Memorial Day Traffic Deadlier than Any Other Weekend
Traffic on the weekend of Memorial Day is deadlier than any other weekend throughout the year. CBS News reports that between 2011 and 2015, Memorial Day has seen an average of 312 deaths per year.
Are you surprised?
Let’s look at the causes behind these accidents and what you can do to avoid an accident this Memorial Day weekend.
Why Summer Driving Is Deadly
When you look at the data, it’s not too surprising that Memorial Day would be the deadliest holiday for car accidents.
First, there are more drivers on the road around Memorial Day. People take the long weekend to go on vacation or drive to see their families. In fact, AAA estimated that more than 38 million drivers hit the road in 2017—the highest number since 2005. Of all the people traveling Memorial Day weekend, around 88 percent elect to drive.
With so much more traffic, drivers are likelier to experience a car accident. That’s simply because there are more opportunities to collide with another car!
In addition to the increased traffic, there are several other factors that contribute to the rise in car accidents. During the summer, there are more teen drivers and more pedestrian/bicycle traffic on the road. Good weather can also lull drivers into a false sense of security.
Teen drivers are notoriously accident-prone: teen drivers are known to speed, follow too closely, drive aggressively, fail to wear their seat belt, and text while driving. As a result, they are three times more likely to be involved in a fatal car crash, and car crashes are actually the leading cause of teen deaths. With so many inexperienced teen drivers on the road on Memorial Day weekend (as well as the rest of the summer), it’s no wonder that crashes happen.
As the weather warms up in the summer months, pedestrians and bicyclists use the road more often. The increase in these types of traffic can contribute to accidents because vehicular drivers are unused to sharing the road.
Finally, it’s possible that summer’s good weather might contribute to traffic collisions. When it is snowing or raining, many drivers are prompted to slow down and drive in a more defensive manner. When the sun is shining, however, quite a few drivers feel comfortable putting the pedal to the metal.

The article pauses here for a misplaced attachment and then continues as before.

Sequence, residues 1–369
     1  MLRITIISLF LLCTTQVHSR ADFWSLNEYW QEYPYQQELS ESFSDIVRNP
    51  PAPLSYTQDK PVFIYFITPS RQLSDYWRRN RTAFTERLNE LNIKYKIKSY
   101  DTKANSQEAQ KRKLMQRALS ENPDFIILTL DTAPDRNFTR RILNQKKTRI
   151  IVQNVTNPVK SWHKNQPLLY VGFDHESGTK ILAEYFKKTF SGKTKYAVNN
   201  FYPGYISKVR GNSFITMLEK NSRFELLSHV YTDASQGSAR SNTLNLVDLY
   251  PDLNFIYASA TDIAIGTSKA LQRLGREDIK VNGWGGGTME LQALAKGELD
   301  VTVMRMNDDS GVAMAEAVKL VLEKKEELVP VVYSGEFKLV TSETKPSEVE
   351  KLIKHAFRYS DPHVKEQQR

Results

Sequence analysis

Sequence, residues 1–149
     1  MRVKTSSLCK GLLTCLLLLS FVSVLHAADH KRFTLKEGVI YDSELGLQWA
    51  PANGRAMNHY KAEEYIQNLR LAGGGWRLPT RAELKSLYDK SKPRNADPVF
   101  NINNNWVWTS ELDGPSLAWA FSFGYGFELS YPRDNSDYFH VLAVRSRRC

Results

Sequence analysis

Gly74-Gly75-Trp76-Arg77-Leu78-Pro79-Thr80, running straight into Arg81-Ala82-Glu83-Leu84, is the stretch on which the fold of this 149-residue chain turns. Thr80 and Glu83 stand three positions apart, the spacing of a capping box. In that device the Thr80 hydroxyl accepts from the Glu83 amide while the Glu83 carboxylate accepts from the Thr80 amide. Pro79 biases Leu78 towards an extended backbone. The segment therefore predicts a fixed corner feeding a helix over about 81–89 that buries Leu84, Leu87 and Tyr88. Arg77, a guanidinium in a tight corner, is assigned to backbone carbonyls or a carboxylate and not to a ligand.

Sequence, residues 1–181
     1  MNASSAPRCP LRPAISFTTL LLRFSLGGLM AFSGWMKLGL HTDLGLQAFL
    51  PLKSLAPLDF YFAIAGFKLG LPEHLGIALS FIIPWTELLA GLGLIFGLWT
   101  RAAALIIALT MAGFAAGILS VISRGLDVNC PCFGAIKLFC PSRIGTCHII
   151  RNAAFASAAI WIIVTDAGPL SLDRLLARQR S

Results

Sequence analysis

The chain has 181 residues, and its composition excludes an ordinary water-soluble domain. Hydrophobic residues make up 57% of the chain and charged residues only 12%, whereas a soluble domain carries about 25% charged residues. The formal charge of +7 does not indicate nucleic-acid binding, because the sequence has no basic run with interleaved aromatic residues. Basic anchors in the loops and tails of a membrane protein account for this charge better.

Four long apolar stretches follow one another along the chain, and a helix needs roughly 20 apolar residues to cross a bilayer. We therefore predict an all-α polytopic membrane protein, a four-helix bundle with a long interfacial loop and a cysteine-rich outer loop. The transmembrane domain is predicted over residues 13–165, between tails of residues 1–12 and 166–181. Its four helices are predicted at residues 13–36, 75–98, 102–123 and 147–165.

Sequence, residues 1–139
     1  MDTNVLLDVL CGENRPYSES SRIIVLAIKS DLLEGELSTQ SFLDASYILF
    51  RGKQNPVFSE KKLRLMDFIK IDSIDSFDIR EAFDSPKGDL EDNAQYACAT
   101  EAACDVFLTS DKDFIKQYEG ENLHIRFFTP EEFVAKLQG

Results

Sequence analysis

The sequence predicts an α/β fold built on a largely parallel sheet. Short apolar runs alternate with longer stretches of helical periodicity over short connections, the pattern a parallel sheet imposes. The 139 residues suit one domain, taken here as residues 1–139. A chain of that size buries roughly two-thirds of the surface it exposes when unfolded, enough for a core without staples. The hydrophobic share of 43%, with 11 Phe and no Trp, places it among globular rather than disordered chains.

Memorial Day weekend may be the deadliest holiday of the year for car accidents, but the rest of the summer isn’t that much safer: the deadliest single day of the year is July 4, with an average of 308 fatalities between 2011 and 2015. In that same time period, Labor Day weekend saw 308 deaths.
What You Can Do to Stay Safe
Having read about the dangers of driving this Memorial Day weekend, you might feel apprehensive about your upcoming road trip.
Fortunately, there’s still time to prepare and make the trip a safe one. We recommend following the helpful advice below.
Be flexible with your plans.
Traffic will be the worst at the beginning and end of Memorial Day weekend, when everyone is heading out and returning home. If possible, push your plans a day forward or backward. You’ll miss a great deal of the traffic that way.
Go against the crowd.
If you can, try to avoid traffic by avoiding the common destination hot spots. Not only will you beat traffic and stay safer, you’ll also get to enjoy a family vacation without unbearable crowds. (This tip won’t work for everyone: if you’re visiting family at their home, you can’t change your destination.)
Get a last-minute deal.
Of course, the best way to avoid traffic is to stay off the road altogether. Many airlines offer last-minute deals on unsold tickets. You’ll get to your destination faster and with less risk. (Believe it or not, flying is actually far safer than driving: the National Safety Council estimates that a person’s lifetime odds of dying in a plane crash are 1 in 7,178, while his or her odds of dying in a car crash are 1 in 98.) This tip isn’t ideal for vacations planned months in advance, but it can be a good idea if spur-of-the-moment trips are your thing.
Service your car before setting out.
Before embarking on a long road trip, it’s important to make sure your car is working properly. This should include checking your tire pressure and getting your oil changed, if needed.
Give yourself extra time.
Allowing yourself extra time to get to your destination will help you deal with traffic jams and reduce the temptation to make up lost time by speeding—a known major cause of car accidents.
If you find yourself in the midst of heavy traffic, do your best to drive defensively. While you can’t control other drivers, you can adjust your own behavior to lower your risk of an accident. Make sure to follow the speed limit, leave an appropriate following distance, and wear your seat belt. Leave your phone out of reach, and give your map or GPS to a passenger.
We hope these tips help you have a safe Memorial Day weekend! From everyone at Casper & Casper in Cincinnati, Ohio, we wish you a happy holiday.